- You must consider the outcome you hope to achieve; a professional puppy trainer can help you achieve the desired result. You must decide how you want to train your Schnauzer. You can train them at home, a local club, or at a group class; either way, you need to be consistent, and know exactly how you want your dog to behave.
Provide Mental And Physical Stimulation
Schnauzers are highly active dogs, and they are also very intelligent. Both physical and mental stimulation are required to prevent boredom and keep them engaged and content.
When your dog is exhausted after their activities, they are also less likely to act out. So it works wonders.
Your Schnauzer will benefit from activities such as flyball, agility, and scenting games. For when your dog is indoors, consider interactive games and treat puzzles.
Reward Good Behavior
When your Schnauzer obeys your commands or when they make reasonable attempts, always reward their behavior by offering treats and lots of praise.
Rewards do not replace consistency and firmness during training, but they help your dog control their urges. It helps to keep the training sessions enjoyable as well as offering rewards.
Schnauzers are generally not aggressive dogs. But just like with any other breed, they have the potential to act out, and they may be triggered to be aggressive in certain contexts.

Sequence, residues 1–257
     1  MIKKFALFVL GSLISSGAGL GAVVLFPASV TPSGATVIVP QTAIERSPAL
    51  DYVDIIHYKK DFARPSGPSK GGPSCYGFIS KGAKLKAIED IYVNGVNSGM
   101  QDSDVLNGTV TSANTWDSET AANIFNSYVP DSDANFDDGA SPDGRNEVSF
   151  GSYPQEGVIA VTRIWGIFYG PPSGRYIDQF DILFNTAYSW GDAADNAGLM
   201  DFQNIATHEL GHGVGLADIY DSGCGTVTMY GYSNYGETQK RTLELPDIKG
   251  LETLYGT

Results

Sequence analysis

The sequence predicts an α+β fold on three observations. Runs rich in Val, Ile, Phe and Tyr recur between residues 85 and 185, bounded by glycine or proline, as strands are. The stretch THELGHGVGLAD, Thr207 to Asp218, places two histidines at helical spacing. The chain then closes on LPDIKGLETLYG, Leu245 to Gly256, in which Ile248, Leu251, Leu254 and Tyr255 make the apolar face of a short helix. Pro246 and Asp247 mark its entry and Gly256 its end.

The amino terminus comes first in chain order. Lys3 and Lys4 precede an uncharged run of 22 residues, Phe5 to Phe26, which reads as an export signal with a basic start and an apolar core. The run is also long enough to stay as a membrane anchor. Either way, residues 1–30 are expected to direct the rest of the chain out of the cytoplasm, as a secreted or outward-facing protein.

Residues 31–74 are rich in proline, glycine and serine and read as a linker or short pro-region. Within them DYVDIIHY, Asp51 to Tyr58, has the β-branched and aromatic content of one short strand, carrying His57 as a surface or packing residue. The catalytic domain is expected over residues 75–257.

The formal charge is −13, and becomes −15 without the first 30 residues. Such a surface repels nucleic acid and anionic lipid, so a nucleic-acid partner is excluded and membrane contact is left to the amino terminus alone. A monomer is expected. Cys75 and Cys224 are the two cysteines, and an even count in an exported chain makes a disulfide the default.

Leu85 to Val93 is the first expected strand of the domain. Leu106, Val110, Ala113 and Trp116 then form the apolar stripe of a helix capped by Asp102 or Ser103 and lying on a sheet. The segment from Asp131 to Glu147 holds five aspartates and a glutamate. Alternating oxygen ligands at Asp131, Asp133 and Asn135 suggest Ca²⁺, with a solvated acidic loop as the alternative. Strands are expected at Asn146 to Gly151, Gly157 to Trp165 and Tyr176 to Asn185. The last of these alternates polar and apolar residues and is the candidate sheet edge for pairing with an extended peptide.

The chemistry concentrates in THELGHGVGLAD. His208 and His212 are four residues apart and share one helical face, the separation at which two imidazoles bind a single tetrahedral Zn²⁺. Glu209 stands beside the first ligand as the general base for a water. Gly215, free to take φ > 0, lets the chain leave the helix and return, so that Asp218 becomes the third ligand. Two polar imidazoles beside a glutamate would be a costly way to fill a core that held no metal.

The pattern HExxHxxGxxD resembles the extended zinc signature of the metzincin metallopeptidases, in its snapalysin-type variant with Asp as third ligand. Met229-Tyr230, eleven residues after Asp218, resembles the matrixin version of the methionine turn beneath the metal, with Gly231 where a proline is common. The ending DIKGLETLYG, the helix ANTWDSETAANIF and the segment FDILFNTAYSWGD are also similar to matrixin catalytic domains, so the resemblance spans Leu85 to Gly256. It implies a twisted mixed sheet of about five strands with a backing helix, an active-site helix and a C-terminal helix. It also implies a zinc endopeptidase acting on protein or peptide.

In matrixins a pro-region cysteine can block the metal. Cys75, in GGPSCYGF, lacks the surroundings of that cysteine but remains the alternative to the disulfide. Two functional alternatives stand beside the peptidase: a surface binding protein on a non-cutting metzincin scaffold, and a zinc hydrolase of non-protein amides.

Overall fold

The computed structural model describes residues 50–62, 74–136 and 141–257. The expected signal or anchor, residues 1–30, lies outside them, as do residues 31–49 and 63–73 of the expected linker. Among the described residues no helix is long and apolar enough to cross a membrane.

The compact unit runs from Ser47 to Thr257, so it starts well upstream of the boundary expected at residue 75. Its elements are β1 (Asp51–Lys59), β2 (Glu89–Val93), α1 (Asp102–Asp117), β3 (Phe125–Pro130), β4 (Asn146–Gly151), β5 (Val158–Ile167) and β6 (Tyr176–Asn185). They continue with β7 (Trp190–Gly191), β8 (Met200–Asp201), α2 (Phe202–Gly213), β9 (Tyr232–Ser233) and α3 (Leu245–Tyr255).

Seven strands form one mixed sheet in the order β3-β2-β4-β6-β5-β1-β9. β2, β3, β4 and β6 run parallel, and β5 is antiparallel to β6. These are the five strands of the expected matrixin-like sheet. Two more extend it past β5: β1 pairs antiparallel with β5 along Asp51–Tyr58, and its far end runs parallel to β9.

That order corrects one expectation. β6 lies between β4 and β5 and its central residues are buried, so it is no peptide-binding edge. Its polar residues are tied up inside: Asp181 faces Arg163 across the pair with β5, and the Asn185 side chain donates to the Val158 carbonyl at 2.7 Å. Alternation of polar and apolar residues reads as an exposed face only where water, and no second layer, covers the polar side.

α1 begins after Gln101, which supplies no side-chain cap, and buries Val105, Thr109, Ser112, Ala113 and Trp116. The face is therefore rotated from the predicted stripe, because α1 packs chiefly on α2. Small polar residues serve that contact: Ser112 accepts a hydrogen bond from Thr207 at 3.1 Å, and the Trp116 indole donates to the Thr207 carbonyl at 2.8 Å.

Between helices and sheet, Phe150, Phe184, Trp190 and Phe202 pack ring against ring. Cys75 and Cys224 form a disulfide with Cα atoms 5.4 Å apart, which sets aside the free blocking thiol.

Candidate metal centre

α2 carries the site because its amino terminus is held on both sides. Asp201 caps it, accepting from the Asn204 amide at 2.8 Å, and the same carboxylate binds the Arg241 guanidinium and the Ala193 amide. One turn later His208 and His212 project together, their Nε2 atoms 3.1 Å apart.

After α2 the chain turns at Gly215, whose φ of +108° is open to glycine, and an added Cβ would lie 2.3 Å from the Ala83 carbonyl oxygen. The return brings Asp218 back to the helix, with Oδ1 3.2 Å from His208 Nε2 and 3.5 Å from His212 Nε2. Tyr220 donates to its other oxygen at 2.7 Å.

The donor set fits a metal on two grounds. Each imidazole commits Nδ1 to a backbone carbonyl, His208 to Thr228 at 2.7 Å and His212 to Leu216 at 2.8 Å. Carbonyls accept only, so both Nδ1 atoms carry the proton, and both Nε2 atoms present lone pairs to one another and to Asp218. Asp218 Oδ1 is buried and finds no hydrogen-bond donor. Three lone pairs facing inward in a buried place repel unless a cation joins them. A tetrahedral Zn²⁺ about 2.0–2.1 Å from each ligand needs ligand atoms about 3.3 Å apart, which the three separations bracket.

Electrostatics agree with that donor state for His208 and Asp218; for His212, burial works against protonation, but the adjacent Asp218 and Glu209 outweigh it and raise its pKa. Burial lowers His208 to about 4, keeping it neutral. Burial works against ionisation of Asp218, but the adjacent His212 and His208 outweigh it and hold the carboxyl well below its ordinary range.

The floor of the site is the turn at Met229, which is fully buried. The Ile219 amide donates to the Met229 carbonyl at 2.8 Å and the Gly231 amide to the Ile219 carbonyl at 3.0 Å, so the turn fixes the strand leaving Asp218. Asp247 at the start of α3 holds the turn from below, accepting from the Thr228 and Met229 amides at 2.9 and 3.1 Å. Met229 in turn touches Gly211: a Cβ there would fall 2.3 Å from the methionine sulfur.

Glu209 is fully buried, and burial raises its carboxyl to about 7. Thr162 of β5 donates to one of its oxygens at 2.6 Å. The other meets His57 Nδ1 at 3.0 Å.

For example, this breed is known for being protective of their owners. They are territorial and historically, this trait served a purpose.
While this is not necessarily a bad thing, it must be controlled to suit their domesticated environments.
Ultimately, Schnauzers are lovely companions, and you can choose from the three sizes of Schnauzer to suit your own unique needs, preferences and home.
Either way and irregardless of type, consistent training and early socialization are essential with this breed to help to control their instincts. They are intelligent and learn quickly, especially where rewards and praise are on offer.
At the end of the day, if you were looking at this breed; do not let potential aggression put you off. Miniature and standard Schnauzers are great for first time owners, whereas Giant Schnauzers are more suitable to more experienced, knowledgeable and firm dog owners.
Are Schnauzers A Good Family Dog?
Schnauzers can make great family dogs, so long as they have been properly and constantly trained from a young age.
Miniature and Standard Schnauzers are considered the best options for families, especially those with young children. They are loyal, devoted, slow to anger, and love to play games.
Giant Schnauzers are more territorial and are more likely to act out aggressively around strangers. They require a firmer approach to training and not best suited for families with young children.